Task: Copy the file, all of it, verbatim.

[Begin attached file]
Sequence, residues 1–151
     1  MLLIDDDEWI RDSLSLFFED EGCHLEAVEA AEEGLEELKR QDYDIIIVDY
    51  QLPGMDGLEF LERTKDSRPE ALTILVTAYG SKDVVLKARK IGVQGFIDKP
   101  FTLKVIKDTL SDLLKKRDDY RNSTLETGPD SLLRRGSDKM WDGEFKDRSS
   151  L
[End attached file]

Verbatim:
Sequence, residues 1–151
     1  MLLIDDDEWI RDSLSLFFED EGCHLEAVEA AEEGLEELKR QDYDIIIVDY
    51  QLPGMDGLEF LERTKDSRPE ALTILVTAYG SKDVVLKARK IGVQGFIDKP
   101  FTLKVIKDTL SDLLKKRDDY RNSTLETGPD SLLRRGSDKM WDGEFKDRSS
   151  L